Unite: 2 Sisters findings ‘symptomatic’ of industry pressures

By Joseph James Whitworth contact

- Last updated on GMT

Picture: iStock/Wiktory. The EFRA inquiry heard from FSA, BRC, BPC, 2 Sisters
Picture: iStock/Wiktory. The EFRA inquiry heard from FSA, BRC, BPC, 2 Sisters

Related tags: Food standards agency, Food

Suspected food safety breaches at a 2 Sisters site are ‘symptomatic’ of pressures within the wider industry, according to Unite.

The union called for ‘swift and comprehensive change at every level of the company’ to raise pay and conditions, working practices and procedure. It has membership in 2 Sisters Food Group.

Drivers include increasing downward cost pressures, driven by supermarket competition impacting food manufacturing supply chains.

Comments were made in written evidence to the Environment, Food and Rural Affairs (EFRA) Committee inquiry.

Safeguards to ensure no repeat

The inquiry is looking at the role and performance of the Food Standards Agency, Sandwell Metropolitan Council and accreditation bodies.

The EFRA Committee took action after reports of malpractice at a 2 Sisters poultry plant in West Bromwich raised in an ITV News/Guardian​​​ investigation.

It is investigating potential ramifications of the allegations for the poultry sector and wider food chain.

2 Sisters temporarily suspended operations at the site after the allegations were made.

Neil Parish, chair of the committee, said: "We hope that looking into the recent reports of malpractice at the 2 Sisters plant will assist in rectifying the situation and putting in place safeguards that mean similar incidents do not happen again.

“This case highlights how important it is for the regulatory and accreditation bodies to work together effectively and restore confidence in both public food hygiene and farming across the country."

Unite said there is intense competition between companies and the pace of work is intensifying.

Meat processing, including in the poultry industry, is difficult work in difficult working conditions. Recruiting and retaining workers is a continual process because of high levels of turnover; workers face low rates of pay, poor working conditions (e.g. temperatures, humidity) and intensive levels of physical demand.

Intense pressure to fulfil retailers’ orders and volumes at the same time as a continual drive to cut costs, Unite believes, created the pre-conditions in which the dangerous food hygiene practices identified by the Guardian and ITV developed.

“The race to the bottom has to be reversed and a workplace culture created that has the highest standards on labour rights and food hygiene.”

Breaches despite safeguards

Unite said it shared the ‘disquiet’ about regulatory capture of enforcement agencies with cuts in budgets affecting the capacity and effectiveness of enforcement bodies.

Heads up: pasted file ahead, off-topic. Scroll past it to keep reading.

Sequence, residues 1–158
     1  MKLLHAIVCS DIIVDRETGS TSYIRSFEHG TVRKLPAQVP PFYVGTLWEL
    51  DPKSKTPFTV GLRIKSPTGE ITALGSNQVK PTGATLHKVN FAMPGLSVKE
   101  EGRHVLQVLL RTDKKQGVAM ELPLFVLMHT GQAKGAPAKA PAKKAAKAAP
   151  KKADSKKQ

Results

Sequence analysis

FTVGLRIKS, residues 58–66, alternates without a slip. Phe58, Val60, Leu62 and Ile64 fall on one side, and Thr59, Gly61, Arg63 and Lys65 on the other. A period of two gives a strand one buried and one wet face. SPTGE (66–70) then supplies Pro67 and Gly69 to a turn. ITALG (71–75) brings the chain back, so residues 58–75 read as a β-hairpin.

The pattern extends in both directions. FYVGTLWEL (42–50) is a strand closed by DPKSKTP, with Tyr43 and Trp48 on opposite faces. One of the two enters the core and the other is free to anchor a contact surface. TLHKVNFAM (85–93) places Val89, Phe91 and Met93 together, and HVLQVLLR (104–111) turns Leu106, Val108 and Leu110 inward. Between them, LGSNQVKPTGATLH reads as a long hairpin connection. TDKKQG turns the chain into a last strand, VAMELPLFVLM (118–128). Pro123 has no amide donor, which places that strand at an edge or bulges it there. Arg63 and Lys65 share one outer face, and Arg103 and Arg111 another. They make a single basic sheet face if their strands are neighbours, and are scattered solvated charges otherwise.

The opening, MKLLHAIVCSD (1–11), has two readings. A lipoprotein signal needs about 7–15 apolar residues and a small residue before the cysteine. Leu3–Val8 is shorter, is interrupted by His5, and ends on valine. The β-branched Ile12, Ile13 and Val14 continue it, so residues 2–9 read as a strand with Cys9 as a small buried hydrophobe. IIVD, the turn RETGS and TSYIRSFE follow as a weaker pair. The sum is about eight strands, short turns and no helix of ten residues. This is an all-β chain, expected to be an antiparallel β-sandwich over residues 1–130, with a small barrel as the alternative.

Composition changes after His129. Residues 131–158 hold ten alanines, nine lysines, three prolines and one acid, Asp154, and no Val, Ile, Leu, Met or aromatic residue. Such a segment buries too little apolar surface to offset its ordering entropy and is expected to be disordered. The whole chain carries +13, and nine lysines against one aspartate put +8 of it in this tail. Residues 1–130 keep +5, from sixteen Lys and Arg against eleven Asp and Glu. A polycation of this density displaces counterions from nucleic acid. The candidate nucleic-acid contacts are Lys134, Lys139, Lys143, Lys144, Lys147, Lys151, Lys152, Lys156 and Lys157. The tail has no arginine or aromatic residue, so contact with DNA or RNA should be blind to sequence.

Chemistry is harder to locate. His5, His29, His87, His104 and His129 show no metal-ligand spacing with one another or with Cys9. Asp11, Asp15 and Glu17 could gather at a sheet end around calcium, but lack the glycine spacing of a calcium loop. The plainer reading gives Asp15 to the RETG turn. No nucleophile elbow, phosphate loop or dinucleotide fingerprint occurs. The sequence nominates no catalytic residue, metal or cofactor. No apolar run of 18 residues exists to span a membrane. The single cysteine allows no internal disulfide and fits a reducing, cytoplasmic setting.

The alleged breaches of food hygiene at West Bromwich have taken place despite the presence of a wide range of regulations, duties, accreditation schemes, principles and guidance, supermarket auditing, and agencies tasked with upholding them.

With regard specifically to the FSA and its effectiveness in connection with the West Bromwich site, Unite’s experience is that 2 Sisters is usually made aware of imminent auditing visits by the FSA before they take place, which gives the company the opportunity to prepare for the audit.”

The union added government’s policy of ‘light touch’ and ‘risk-based’ regulation needs to be reversed and unannounced visits by enforcement agencies including FSA need to be increased.

Variety of evidence

The inquiry heard from Richard Griffiths, chief executive of the British Poultry Council; Jim Moseley, chief executive of Red Tractor and Sue Lockhart, head of assurance at Red Tractor; Mark Proctor, CEO and David Brackston, technical director of BRC Global Standards.

Jan Britton, chief executive, Sandwell Metropolitan Council; Bob Charnley, trading standards officer at the council; Jason Feeney, chief executive of the Food Standards Agency and Jose Gomez-Luengo, audit veterinary leader at FSA gave evidence.

Ranjit Singh Boparan, chief executive and Chris Gilbert-Wood, group technical director, spoke from 2 Sisters Food Group.

The British Poultry Council (BPC) said it is up to Food Business Operators (FBOs) to apply standards, meet legal responsibilities and produce safe food.

“In isolated instances where things go wrong, people make poor decisions and food standards are not met, it’s crucial that the business in question moves fast to acknowledge the problem, correct the situation and put measures in place to stop it from happening again,” ​​said Richard Griffiths.

In the US, Food & Water Watch has opposed a petition by the National Chicken Council (NCC) with the USDA’s Food Safety and Inspection Service (FSIS) to lift the line speed cap for poultry slaughter facilities set in the 2014 regulation creating the New Poultry Inspection System (NPIS).

The cap on line speeds in chicken plants is 140 birds per minute (bpm) while initial plans set it at 175 bpm.

NCC said 20 plants in the HACCP-Based Inspection Models Project (HIMP) provided the same or better levels of food safety than plants with a maximum line speed of 140 bpm.

“These establishments have proven that HIMP (and now NPIS) establishments can operate safely at the maximum speeds permitted, and there is no indication that higher line speeds would result in increased food safety or worker safety risk.”

NCC added waiving the line speed limits and allowing participants to operate at any speed at which they can maintain process control would encourage more uptake of NPIS.

Related topics: Food Safety & Quality

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